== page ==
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Mexico: Miguel Hidalgo

Lead: In 1810, Father Miguel Hidalgo led an uprising against Spanish colonial rule in Mexico. Although he was defeated, he became a symbol of Mexican Independence.

Intro.: A Moment in Time with Dan Roberts.             

Content: Miguel Hidalgo was born in 1753 in the central highlands of Mexico near Guanajuato. Hidalgo was a “criollo” – born in Mexico but with Spanish ancestry. He studied in Valladolid, now Morelia in central Mexico, at first with the Jesuits, and, after their expulsion, at the College of San Nicolas Obisbo where he earned a degree in theology, philosophy and the liberal arts. He was most certainly influenced by the subversive ideas of the Enlightenment. Ordained a Catholic priest in 1778 he taught as well as doing parish work. Hidalgo was a most complex man, some would say poorly managing his passions. He loved gambling, owned multiple haciendas, and fathered several children, but at the same time combined his spiritual duties with a keen sense of social justice. In 1803 Father Hidalgo moved to Dolores, a town in the Mexican highlands of mostly poor indigenous people. He introduced new farming techniques and helped to develop a brick-making and pottery industry.

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Mexico: La Malinche

Lead:  Reviled as a traitor, La Malinche is alleged to have served as a translator and mistress to Conquistador Hernán Cortés and became the mother of his first son.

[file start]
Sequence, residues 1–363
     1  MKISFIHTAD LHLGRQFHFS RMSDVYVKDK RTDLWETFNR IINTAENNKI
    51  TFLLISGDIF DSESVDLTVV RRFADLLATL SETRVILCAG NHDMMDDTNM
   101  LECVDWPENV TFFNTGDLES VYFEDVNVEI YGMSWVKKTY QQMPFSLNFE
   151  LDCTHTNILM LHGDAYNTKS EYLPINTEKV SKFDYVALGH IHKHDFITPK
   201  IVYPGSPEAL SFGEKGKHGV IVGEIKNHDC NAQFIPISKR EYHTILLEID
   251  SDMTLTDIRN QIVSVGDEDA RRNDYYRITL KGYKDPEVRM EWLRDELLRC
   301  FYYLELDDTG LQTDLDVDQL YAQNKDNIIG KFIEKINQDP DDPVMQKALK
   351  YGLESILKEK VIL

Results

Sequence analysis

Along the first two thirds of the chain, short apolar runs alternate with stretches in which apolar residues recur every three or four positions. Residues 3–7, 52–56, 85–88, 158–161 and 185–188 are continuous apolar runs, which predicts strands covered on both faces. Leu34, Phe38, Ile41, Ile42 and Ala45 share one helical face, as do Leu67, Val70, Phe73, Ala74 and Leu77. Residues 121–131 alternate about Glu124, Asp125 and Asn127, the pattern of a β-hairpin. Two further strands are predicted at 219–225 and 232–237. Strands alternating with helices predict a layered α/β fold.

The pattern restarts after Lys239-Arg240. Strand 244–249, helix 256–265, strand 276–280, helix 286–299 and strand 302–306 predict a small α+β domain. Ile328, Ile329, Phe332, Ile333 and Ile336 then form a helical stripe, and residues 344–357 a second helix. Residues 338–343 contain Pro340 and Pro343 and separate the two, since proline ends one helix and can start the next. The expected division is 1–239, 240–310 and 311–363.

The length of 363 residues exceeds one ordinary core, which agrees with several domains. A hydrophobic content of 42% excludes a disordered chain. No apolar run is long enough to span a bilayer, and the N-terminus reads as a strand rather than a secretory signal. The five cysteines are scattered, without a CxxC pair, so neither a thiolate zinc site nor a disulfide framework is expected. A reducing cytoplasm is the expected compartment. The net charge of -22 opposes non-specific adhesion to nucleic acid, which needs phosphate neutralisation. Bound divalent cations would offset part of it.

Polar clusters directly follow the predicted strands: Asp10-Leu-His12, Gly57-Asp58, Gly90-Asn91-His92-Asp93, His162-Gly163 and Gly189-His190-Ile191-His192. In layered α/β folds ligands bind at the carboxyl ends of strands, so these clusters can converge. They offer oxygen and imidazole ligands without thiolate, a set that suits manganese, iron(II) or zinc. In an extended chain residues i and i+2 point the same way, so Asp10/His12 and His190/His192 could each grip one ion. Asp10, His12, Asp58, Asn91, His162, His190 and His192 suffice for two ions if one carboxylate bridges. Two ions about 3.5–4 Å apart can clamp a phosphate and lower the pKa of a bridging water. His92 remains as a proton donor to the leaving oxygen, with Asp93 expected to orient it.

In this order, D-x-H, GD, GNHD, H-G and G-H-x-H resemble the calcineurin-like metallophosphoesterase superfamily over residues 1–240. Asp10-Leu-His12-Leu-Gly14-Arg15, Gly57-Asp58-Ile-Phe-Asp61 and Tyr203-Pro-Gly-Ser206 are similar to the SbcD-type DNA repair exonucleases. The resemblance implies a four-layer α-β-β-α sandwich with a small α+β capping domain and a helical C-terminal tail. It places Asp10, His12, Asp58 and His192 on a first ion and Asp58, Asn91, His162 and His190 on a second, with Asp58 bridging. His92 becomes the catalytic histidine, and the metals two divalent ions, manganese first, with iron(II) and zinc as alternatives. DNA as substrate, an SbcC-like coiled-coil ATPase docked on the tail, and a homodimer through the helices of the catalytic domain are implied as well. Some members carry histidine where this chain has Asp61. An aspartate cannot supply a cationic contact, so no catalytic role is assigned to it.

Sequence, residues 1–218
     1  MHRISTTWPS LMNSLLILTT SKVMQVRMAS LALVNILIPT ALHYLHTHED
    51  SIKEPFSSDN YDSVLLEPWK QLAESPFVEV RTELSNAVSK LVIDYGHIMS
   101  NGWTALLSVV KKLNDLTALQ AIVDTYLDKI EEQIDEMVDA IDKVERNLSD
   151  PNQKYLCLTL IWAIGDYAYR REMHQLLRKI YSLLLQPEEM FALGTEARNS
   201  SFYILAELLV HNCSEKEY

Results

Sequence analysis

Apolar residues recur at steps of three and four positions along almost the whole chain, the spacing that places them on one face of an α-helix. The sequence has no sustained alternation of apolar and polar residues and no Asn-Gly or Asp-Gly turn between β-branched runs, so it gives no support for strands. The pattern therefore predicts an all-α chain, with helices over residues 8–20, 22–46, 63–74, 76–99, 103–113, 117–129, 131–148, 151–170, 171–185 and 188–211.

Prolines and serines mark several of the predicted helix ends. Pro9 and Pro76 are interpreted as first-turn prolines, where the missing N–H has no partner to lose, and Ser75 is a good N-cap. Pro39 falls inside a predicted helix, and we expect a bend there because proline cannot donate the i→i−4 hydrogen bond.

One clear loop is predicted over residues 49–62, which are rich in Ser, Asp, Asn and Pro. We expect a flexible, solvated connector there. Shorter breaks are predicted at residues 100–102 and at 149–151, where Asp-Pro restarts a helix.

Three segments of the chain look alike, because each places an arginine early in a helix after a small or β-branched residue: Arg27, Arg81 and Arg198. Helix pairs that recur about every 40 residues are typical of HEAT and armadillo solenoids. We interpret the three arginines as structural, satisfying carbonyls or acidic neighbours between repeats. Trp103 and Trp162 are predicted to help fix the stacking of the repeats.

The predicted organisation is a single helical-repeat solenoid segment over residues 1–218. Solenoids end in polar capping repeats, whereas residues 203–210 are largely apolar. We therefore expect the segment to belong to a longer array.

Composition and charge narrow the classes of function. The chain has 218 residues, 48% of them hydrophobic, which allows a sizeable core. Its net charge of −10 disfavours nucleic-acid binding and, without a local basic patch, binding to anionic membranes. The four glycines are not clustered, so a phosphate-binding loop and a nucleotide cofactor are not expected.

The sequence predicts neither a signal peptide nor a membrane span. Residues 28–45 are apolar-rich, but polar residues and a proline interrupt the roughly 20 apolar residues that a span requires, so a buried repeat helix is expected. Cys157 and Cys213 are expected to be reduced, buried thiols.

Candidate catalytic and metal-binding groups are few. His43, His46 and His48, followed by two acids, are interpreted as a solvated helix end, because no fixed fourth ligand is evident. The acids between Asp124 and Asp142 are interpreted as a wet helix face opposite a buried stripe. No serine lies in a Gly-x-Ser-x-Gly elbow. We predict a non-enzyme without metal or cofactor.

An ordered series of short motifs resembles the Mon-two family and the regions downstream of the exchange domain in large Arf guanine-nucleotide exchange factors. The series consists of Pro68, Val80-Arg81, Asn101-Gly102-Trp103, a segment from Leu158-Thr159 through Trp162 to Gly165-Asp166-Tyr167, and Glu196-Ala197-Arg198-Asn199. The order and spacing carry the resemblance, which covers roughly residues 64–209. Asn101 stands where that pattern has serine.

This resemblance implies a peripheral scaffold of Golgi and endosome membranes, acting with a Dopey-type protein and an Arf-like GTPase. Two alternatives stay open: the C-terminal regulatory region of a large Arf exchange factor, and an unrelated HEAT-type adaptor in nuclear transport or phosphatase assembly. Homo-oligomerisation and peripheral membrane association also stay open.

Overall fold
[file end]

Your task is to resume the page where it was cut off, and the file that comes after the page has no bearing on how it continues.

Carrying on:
Intro.: A Moment in Time with Dan Roberts.

Content: Although she lives in folklore and legends, there is actually little known about the life of La Malinche, and the derivation of her name is uncertain. Some historians believe Malinche was a corruption of her given Nahua name – Malintzin.

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Spy Satellites

Lead: It was mid-August 1960. In a White House ceremony, President Dwight D. Eisenhower displayed a United States flag that been recovered from an environmental satellite orbiting the earth. He wasn’t exactly telling the whole truth.

Intro.: A Moment in Time with Dan Roberts.

Content: Actually, the flag had been carried into orbit aboard Discoverer XIII and was returned to earth in an ejected capsule which was then recovered from its splash down point northwest of Hawaii by a Navy taskforce. It was the first time an object had been catapulted into earth orbit and brought back without mishap, but this exercise was far more than patriotic chauvinism. The Discoverer program was a ruse, a clever cover-up for a secret reconnaissance operation known as Corona.

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British General Strike IV

Lead: In the spring of 1926 Britain endured the only General Strike in its history.

Intro.: A Moment in Time with Dan Roberts.

Content: Labor leaders were frustrated. Led by Walter Citrine of the Trades Union Congress, they wanted to work out a settlement of the looming strike of the mine workers and the possibility of a national sympathy strike, but radical rank and file workers pushed for a confrontation. The conservative government of Prime Minister Stanley Baldwin was clearly on the mine owners’ side and had used a nine-month cooling off period to prepare. Labor was not prepared, but when the mine owners locked out their workers and a million of them went on strike, on May 3, 1926, a million and a half transportation, electric, steel and dock workers followed right behind. It was the only time in British history when the vast majority of organized industrial workers gave support to another group of workers for more than one day.